With the recent Black Lives Matter protests, I am reminded of an incident that happened to me many years ago in northeast Minneapolis. I’m sure many black people can relate.

Here’s what transpired, to the best of my memory:

It was a winter evening in 2003 or 2004. I was driving home from downtown Minneapolis via Central Avenue into northeast. Just after turning onto E. Hennepin I realized I was being followed.

I was doing the speed limit. I noticed the car behind me was not attempting to pass. It kept up with me but stayed behind. This didn’t strike me as odd, not at first. I just kept driving.

But then car after car passed me on the left, while this car continued to stay with me. I started to panic just as I reached a dark stretch of E. Hennepin.

I didn’t have a cell phone. I didn’t know what to do. So I kept driving.

A few minutes later I looked into my rear-view mirror and saw it was a police car.

This puzzled me. I thought the officer would eventually turn on his lights and pull me over. He did not. (I assumed it was a male officer, but I didn’t know this for a fact.)

So I turned on my indicator, pulled over and stopped. Again, I waited. I fully expected the officer to get out of his car and approach mine, to explain why he was following me. He never did. Instead he pulled over behind me and stopped. He remained in his vehicle the entire time.

I waited for a few minutes — it seemed like an eternity – then I started my engine and pulled away slowly.

The officer did the same. He kept following me.

Now I was really starting to sweat. I thought about stopping again to get out of my car and approach his. But then I thought: What if it’s a rogue cop and he shoots, and plants a weapon on me?

Or worse: What if he grabs and rapes me?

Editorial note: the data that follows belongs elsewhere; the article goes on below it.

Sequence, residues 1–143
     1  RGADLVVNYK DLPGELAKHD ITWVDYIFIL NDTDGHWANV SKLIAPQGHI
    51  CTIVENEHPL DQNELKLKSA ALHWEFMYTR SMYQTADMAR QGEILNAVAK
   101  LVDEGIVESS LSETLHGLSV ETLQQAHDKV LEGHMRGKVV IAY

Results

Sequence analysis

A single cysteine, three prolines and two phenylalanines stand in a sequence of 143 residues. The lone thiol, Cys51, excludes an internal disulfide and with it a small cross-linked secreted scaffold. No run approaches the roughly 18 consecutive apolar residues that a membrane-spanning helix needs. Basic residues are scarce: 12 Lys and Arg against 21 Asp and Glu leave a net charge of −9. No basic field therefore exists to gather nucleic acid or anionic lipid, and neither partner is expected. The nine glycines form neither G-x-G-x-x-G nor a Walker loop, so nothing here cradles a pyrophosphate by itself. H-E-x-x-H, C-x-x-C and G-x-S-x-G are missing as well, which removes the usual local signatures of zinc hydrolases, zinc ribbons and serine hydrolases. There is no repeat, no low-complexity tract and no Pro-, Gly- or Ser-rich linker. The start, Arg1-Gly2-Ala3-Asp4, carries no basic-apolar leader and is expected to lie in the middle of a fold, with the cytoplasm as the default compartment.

So I kept driving. I prayed I could get someplace safe, with a lot of people, so I could pull over.

I was coming up on Johnson Street when I started to devise my plan: I would drive to the Second Precinct, on Central Avenue. Or I would drive to my friend’s house on Monroe Street NE. I knew the family would be home at this hour.

As I approached the intersection, I turned on my signal to indicate a left turn. Then the light turned red. Suddenly the officer accelerated, tires screeching, and sped around me – on my left. He turned left and sped off.

My heart never stopped racing. I couldn’t get home fast enough. After I pulled into my garage, and got into my house, I went from relief to anger.

The next morning, I called my City Council representative, Paul Ostrow, at his office. I then wrote a letter to the Chief of Police in the NE precinct, detailing exactly what happened. I explained that I didn’t get a car number, but I relayed the time of day and sequence of events, just as I have here. I explained how terrified I was, as a young black woman, driving alone in the dark. I requested a meeting with him and the officer. I don’t recall being accusatory. I simply wanted him and the officer to know how afraid I was.

Then I waited.

A few weeks later, I received a letter from the Chief of Police. Instead of sympathy I got a lecture on how his police officers don’t target black drivers, stating in fact that the officer in question was himself black.

The Chief informed me that I was lucky I hadn’t been ticketed for having a dirty license plate. He didn’t invite me to the precinct for a conversation. He didn’t explain why the officer followed me for blocks.

I was so disgusted I tore the letter into shreds. In hindsight, I regret doing this. I wish I had kept both letters.

My experience ended without incident, but it left me shaken. For many years, I kept looking over my shoulder, especially when driving alone at night. I became nervous every time I spotted a police car behind me. It took me a long time to get over it. Now it’s all coming back, thanks to the increased media coverage of black folks’ deadly encounters with police.

What happened to me was a small thing. I decided to not remain angry. I didn’t follow up again with the police chief. I moved on with my life. But I’m sure that if I — an educated young woman working for a major Minneapolis company — couldn’t get the chief of police to give me the time of day, then there are many others who will get even less respect.

Rosemarie Kelly Ndupuechi is an independent business woman with 20-plus years of corporate and nonprofit management experience. Born in Kingston, Jamaica, and having lived and worked overseas and traveled widely, she calls herself a global citizen who now considers the Twin Cities her home.